Camera shots are the basic building blocks of film and video narrative. A shot is an uninterrupted take of action or dialogue. The length of shots vary, but start the moment that the camera starts rolling and end when the camera stops rolling. There are many different types of shots and combination of shots that you can use to shoot your video. Assignment # 1: In this project your group will shoot a simple, single scene using at least 9 different shots. It is recommended that you shoot more than 9 shots, as this will give you more coverage thus having more options in the editing process. Your scene must be edited so all the different shots flow together in a cohesive order.
You must include: 5 different DISTANCE SHOTS - Establishing Shot, Long Shot, Medium Shot, Close Up Shot, Extreme Close Up Shot 2 different PLACEMENT SHOTS - Over the shoulder, 2 Shot 2 different ANGLE SHOTS - Eye level, High or Low level
THE BASIC SHOTS
These shots describe the distance the camera is from the actors or scene.
1. MASTER SHOT A master shot captures all the action/dialogue in an entire scene and is typically composed as a long shot. For example, if a scene involves people seated at a dinner table, a master shot would be wide enough to see everyone seated at the table. This is crucial for the editing process as this is the scene to which all coverage shots (close-ups, cutaways, medium shots) are referenced and synchronized to. If any of the other takes or angles don’t work in post production, the editor can always go back to a master shot.
2. ESTABLISHING SHOT These types of shots give us the big picture. It displays the location we are in, they tell us about the setting our characters are performing in. If the characters are in the shot at all they are usually so small we can barely see them, it's not about our characters it's about the environment and the world where the scene is taking place.
3. LONG SHOT When we need to see our characters and what they are doing in their environment, we go for the Long Shot. With this type of shot they are not establishing the ‘world’ so much as establishing the character(s) in that world.
4. MEDIUM SHOT Medium Shots are widely used through out the film, they are a reliable standard to show you the character nice and close, but not too close, usually cutoff at the waist, plenty of empty space is left around the character, giving him room to act out, gesture, and still see the character in relation to the environment he's in. It's not too intimate, but it's showing you something specific.
5. CLOSE-UP SHOT The close-up is usually the full head and sometimes a bit of the top is cropped off, and includes the neck and a bit of the shoulders. It's an emotion-teller and and information-giver. This shot is ALL about the subject, it tells us the important stuff we need to know to understand the story. We can tell what the character is feeling and thinking.
6. EXTREME CLOSE-UP SHOT It can be used for a very intense or super intimate moment or it can just be a very useful information tool. It depends what the director wants to show you and why. In this shot, nothing else matters but the subject matter. And it’s usually only a portion of that subject matter. Backgrounds are usually unrecognizable, you can only see the character or object as they cover most (if not all) the frame. It keeps the audience informed about the story, the characters and the situation, up close, in detail, clear information-giver.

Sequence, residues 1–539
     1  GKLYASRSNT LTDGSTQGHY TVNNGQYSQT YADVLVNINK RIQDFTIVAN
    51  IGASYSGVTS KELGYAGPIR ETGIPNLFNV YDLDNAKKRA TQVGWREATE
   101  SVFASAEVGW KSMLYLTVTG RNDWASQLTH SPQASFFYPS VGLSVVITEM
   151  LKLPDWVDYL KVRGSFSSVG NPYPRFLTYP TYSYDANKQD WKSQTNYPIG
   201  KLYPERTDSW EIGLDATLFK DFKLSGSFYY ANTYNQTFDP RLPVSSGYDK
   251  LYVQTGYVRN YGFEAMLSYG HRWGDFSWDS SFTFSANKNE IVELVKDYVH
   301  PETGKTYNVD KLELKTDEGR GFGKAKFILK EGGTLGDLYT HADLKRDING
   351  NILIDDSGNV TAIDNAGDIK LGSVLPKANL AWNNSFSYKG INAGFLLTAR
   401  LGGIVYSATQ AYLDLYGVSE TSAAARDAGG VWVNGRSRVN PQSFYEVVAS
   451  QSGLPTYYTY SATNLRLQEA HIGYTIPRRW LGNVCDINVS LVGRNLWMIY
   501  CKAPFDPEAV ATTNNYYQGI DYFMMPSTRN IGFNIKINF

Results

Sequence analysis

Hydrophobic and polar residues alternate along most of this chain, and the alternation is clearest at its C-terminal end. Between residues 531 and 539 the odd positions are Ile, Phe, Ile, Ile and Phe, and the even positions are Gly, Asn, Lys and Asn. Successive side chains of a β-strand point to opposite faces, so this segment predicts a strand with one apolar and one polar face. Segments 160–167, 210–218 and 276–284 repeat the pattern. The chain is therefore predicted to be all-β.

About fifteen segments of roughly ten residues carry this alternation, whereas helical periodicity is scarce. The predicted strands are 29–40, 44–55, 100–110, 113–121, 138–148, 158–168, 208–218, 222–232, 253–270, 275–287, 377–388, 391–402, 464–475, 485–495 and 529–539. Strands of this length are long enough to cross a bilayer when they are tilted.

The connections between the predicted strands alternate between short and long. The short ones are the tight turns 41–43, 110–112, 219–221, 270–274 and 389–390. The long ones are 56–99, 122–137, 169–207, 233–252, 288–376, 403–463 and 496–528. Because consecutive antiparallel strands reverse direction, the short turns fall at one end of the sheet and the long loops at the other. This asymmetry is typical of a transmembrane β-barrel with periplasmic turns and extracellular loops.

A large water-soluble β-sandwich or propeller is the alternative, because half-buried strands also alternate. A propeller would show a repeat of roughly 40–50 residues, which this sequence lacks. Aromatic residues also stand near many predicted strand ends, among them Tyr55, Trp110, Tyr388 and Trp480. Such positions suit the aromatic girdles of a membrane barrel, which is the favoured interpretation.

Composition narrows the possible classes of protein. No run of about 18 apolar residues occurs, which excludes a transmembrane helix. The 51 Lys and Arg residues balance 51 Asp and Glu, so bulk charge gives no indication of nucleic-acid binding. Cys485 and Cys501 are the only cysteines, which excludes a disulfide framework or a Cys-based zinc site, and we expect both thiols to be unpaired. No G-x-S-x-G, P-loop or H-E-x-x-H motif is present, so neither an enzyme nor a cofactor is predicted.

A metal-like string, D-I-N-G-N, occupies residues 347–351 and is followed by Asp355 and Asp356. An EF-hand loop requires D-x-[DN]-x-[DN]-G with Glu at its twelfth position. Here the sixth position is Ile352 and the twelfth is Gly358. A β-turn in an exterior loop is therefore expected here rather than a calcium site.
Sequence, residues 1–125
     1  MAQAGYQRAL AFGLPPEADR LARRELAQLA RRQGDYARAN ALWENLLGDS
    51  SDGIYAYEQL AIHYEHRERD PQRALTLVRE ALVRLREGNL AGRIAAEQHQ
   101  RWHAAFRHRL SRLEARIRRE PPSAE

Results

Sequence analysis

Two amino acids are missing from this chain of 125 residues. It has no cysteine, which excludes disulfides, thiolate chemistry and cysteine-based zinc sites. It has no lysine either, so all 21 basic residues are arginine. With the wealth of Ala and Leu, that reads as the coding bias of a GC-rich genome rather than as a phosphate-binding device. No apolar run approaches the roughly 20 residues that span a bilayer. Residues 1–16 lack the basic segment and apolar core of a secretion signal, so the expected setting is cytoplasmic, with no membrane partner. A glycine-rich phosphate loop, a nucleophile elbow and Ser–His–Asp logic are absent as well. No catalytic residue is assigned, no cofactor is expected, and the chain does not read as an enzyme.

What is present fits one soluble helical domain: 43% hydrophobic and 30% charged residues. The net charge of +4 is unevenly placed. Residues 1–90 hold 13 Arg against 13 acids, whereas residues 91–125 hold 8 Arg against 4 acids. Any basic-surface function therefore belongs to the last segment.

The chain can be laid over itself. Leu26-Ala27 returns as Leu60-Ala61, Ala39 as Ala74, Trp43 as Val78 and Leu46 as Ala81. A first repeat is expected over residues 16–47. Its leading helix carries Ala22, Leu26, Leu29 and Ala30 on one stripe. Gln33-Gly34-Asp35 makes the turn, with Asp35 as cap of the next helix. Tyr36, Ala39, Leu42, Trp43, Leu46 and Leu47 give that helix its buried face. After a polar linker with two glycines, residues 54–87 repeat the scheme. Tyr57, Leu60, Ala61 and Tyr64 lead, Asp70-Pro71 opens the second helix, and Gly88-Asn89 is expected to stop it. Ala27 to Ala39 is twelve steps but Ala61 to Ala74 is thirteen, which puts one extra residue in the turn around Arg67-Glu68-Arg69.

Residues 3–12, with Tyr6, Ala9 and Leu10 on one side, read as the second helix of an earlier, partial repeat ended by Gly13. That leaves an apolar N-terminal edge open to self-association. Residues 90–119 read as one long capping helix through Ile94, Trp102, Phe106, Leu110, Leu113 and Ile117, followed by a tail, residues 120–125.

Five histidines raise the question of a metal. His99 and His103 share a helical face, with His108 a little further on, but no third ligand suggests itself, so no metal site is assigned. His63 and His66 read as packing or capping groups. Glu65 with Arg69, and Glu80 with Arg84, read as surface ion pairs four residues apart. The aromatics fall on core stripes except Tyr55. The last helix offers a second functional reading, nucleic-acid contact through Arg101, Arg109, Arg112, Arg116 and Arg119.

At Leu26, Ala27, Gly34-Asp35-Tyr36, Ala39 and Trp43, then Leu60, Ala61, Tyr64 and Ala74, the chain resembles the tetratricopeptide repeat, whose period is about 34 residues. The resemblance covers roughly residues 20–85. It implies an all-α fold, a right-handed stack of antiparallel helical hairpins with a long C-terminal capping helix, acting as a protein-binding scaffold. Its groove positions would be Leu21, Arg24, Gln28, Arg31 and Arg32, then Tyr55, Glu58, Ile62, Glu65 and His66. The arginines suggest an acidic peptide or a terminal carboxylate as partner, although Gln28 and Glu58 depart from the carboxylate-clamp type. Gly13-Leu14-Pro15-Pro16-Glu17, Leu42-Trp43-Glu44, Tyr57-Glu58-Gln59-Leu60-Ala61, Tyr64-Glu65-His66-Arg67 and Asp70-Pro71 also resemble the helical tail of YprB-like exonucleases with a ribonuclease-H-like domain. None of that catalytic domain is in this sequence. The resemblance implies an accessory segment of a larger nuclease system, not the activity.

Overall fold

These shots describe the composition or placement of the actors in a scene.
7. TWO SHOT This shot is typically a medium or a long shot of two interacting characters.
8. THREE SHOT This shot is typically a medium or a long shot of three interacting characters.
9. OVER THE SHOULDER SHOT This shot is typically a medium or a long shot of two interacting characters.
10. POINT-OF-VIEW SHOT There are only two kinds of people at the movies: those on screen, and those in the audience. The point-of-view shot blurs that distinction, and can immerse a viewer into the action of the movie. This shot is a view of a character's perspective, whether they are standing up inside a water tank, or hiding in a dark closet. The audience sees what the character sees.
11. THREE-QUARTER VIEW SHOT There are two ways to use this shot. The first is a 3/4 facial shot. The focus is on the face and we see the front and the side of the face. The second shot is a 3/4 body shot. The focus on this shot is the entire person or item in the scene. A 3/4 shot gives the scene dimension and depth; it keeps the scene from looking flat.
12. PROFILE SHOT This shot is typically a medium close-up shot and is used to convey . It shows only the profile side of a character's face
These shots describe camera angle position.
13. EYE LEVEL SHOT The most common camera angle is the eye level shot. This angle is about 5 to 6 feet off the ground which approximates the way the audience might view the scene.
14. HIGH LEVEL SHOT A high level shot is a distorted view. The camera is physically higher than the subject and looks down upon the subject. It is used to add a dramatic effect, such as making the subject appear weak, vulnerable or threatened. A very high level or bird's-eye view is taken directly above the scene to establish the landscape and the actors relationship to it.
15. LOW LEVEL SHOT A low level shot is another distorted view. The camera is physically lower than the subject and looks up at the subject. It is used to add a dramatic effect, such as making the subject appear powerful or threatening.
16. DUTCH TILT SHOT A dutch tilt angle is a technique that involves tilting your camera to one side, resulting in a frame that isn’t level. This shot is used for dramatic effect and helps portray unease, disorientation, frantic or desperate action, intoxication, madness, etc.